One nagging behavior of the old ARC and ZIO pipeline was the so-called I/O priority inversion. This behavior was present mostly for prefetching I/Os, which was handled by the ZIO pipeline at a lower priority operation than, for example, a regular read issued by an
application. Before reARC, the behavior was that after an I/O prefetch was issued, a subsequent read of the data that arrived while the I/O prefetch was still pending
, would block waiting on the low priority I/O prefetch completion.
While it sounds simple enough to just boost the priority of the in-flight I/O prefetch, ARC/ZIO code was structured in such a way that this turned out to be much trickier than it sounds. In the end, the reARC project and subsequent I/O restructuring changes, put us on the right path regarding this particular quirkiness. Fixing the I/O priority inversion meant that fairness between different types of I/O was restored.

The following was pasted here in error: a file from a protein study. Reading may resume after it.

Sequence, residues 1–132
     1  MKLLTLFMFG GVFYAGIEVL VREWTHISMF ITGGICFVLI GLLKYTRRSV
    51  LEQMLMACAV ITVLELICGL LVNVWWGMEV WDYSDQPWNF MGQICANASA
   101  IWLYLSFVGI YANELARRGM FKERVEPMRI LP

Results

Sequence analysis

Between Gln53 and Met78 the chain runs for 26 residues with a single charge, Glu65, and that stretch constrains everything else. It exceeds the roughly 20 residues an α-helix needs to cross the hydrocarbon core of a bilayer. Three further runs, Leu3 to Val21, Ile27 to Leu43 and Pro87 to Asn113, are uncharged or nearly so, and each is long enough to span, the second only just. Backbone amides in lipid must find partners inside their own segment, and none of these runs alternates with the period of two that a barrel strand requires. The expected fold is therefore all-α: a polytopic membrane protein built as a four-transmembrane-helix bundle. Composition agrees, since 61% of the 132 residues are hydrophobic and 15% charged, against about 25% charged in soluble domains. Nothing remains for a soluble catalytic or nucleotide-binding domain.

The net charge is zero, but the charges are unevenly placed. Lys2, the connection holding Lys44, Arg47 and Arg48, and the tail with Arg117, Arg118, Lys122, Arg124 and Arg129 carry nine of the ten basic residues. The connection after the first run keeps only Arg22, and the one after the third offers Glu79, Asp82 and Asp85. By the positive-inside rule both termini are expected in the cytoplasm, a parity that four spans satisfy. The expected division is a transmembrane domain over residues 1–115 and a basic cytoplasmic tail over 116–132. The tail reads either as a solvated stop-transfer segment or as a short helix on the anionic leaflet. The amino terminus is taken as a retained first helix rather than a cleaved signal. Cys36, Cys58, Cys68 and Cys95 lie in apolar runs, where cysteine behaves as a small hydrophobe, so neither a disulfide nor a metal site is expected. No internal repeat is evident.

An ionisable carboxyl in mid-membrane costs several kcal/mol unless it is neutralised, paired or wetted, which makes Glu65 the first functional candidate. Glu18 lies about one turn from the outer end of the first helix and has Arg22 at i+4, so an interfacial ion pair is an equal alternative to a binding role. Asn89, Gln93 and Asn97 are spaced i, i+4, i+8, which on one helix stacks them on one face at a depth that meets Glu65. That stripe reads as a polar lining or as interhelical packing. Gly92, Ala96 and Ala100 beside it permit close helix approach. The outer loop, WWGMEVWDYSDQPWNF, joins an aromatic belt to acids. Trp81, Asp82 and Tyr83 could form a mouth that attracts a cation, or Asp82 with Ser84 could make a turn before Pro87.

The key points that we saw in reARC are as follows:
- Metadata doesn't need special protection from eviction, arc_meta_limit has
become an obsolete tunable.
- Multiple clones of the same data share the same buffers for great performance
in a virtualization environment.
- We boosted ARC scalability for cached and uncached IOPs.
- The ARC size is now steadier and more dependable.
- Protection from creeping memory bugs is better.
- L2ARC uses a smaller footprint.
- I/Os are handled with more fairness in the presence of prefetches.
All of these improvements are available to customers of Oracle's ZFS Storage Appliances in any AK-2013 releases and recent Solaris 11 releases. And this is just topic number one
. Stay tuned as we go about describing further improvements we're making to ZFS.